Skip to content

Using GTD® and EOS® to Foster Clarity and Creativity

I thought I didn’t need a to-do list. And I was wrong.

I am going to tell you a story about the most damaging piece of internet wisdom I’ve ever read.

Several years ago, some successful person quipped on Twitter:

“I don’t keep a to do list. They only weigh you down. I live in the moment. I always know what I need to do now and I do it.”

I bought into this philosophy hook, line, and sinker.

Besides, at the time I was a full-time developer so my to-do list was effectively my team’s kanban board. My future event horizon was effectively two weeks: our sprint boundaries.

Less is more, right? Why keep a to-do app or list when I can just live in the moment and do what needs to be done?

Fast forward several years and my responsibilities have expanded significantly. I am no longer a full-time developer on a just project or two. Now I’m Highland’s Director of Software Development, which means I manage other developers and help on a myriad of projects and initiatives. I need to be aware of events, objectives, and scenarios that are multiple years out.

Like a frog in a pot of boiling water, my anxiety levels slowly ratcheted upwards. It felt like I was spending most of my energy keeping everything in short term memory or — worse — figuring out clever ways to remind myself to do things in the future. I had just loop-holed my vow to not “keep a to-do list” by creating a mental to-do list!

Something had to change.

I shared my predicament at the Conscious Company Leaders Forum this year. Fellow attendees recommended I check out David Allen’s Getting Things Done framework. I was hesitant at first but decided to give it a shot for science. After a week or two of trying the system, my world was turned upside down. I was energized and focused. A clarity overcame me that I didn’t realize was possible.

And looking at my to-do list now, it is obvious why. At any given time I probably have over 200 active to-dos. These range from verbal commitments to people, actions on personal and professional projects, time-dependent events, and next steps in creative projects.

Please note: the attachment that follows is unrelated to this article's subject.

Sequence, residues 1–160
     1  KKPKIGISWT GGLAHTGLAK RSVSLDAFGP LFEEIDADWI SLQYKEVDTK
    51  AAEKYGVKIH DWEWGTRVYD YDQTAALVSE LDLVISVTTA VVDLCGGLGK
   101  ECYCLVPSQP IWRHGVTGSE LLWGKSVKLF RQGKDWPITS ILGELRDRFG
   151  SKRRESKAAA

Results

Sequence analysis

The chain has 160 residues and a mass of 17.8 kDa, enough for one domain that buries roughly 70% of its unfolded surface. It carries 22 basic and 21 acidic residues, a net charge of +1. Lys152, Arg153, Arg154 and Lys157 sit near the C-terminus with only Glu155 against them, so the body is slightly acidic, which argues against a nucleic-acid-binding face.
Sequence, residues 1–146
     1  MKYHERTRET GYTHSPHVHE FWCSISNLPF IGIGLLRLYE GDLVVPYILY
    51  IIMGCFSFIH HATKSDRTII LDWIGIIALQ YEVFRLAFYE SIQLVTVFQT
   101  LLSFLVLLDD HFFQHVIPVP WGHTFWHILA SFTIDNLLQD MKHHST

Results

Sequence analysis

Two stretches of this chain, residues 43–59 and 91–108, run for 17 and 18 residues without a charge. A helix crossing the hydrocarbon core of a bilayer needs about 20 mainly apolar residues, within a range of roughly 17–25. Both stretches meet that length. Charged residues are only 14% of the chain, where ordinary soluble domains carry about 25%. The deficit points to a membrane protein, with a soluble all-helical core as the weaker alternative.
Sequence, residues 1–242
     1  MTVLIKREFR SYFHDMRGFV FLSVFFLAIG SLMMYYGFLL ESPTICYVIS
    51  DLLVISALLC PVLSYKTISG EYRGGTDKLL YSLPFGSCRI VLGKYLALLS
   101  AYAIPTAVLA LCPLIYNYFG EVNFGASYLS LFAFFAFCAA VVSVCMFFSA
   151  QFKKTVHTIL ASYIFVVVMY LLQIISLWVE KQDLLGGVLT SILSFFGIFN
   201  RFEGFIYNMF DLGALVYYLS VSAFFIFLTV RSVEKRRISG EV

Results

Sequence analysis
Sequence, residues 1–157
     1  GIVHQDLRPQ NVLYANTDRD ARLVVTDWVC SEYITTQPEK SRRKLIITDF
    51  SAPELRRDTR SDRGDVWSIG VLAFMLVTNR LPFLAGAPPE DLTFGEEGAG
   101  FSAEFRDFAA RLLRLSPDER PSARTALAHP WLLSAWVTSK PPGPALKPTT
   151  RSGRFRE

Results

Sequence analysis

There’s a quote on David Allen’s website that says,

“Your mind is for having ideas, not holding them.”

I couldn’t agree more. Since adopting this framework I’ve been much happier and more focused.

But the story isn’t over. The a-ha moments kept coming.

After adopting GTD, I realized how well it fit in with Highland’s Entrepreneurial Operating System® cadences. At a very high level, EOS® breaks the year up into 90-day chunks and installs various periodic rhythms to your business. We’ve been using the system for about two years now. It has brought a level of order and clarity to the company that I didn’t know was possible.

GTD and EOS complement and reinforce each other. For example, my GTD “Projects” map nicely to EOS “Rocks.” My GTD “Weekly Reviews” harmonize with my EOS “Clarity Breaks.” And my GTD “Next Actions” map perfectly to my EOS “To-Dos.”

Besides GTD and EOS, I have some of my own daily, weekly, and annual rituals that I’ve adopted over the years. I have morning and evening reviews to prepare for and reflect on the day. Each week, I’m sure to schedule “Deep Work” or “Flow” time. During the last week of the year, I follow a set of rituals to help me close out one year and begin a new one. I reflect, set intention for next year, clean up hard-drives, and purge possessions (to name a few).

Now, all these rituals fit together in a harmonious time-sculpture. If you told me that sounds like authoritarian way to live… I wouldn’t disagree with you. It is highly structured and takes discipline. As an artist, I can say the greatest benefit is a persistent feeling of confidence about where I’m directing my energy. When creating, I’m free to create. When meeting with people, I’m free to be fully present. And when relaxing, I’m free to relax. That inner dialogue saying, “you should really be doing something else,” has all but vanished.

If you still don’t believe me when I say this is a liberating lifestyle choice, consider music. Typically, songs have a consistent tempo. If you’re playing music with others, sure, you can ignore the tempo, but your results aren’t likely to be very aesthetically pleasing. There is a social contract between musicians that you ought to honor the tempo.

Our society has a similar social contract. Measured with clocks and calendars: this thing we call “time.” If you are a participant of society, you have already implicitly agreed to this contract. Used together, GTD and EOS keep me in touch with time, liberating me to riff within the structure.

Just like in music, I’m always free to bend or break the rules, too! Some mornings I skip my morning review because I simply don’t feel like doing it. Sometimes, we’ll skip our Level 10 meetings because we don’t have a quorum or there are literally no issues to discuss. And on vacations, I typically skip everything!

So: a challenge to you! What piece of internet wisdom have you bought too much into? What “true-ism” or story are you committed to believing? Imagine for a moment what it might be like to let that go. Give it a shot! You can always go back to how you were, but it may be the only way to become who is next.

You might also like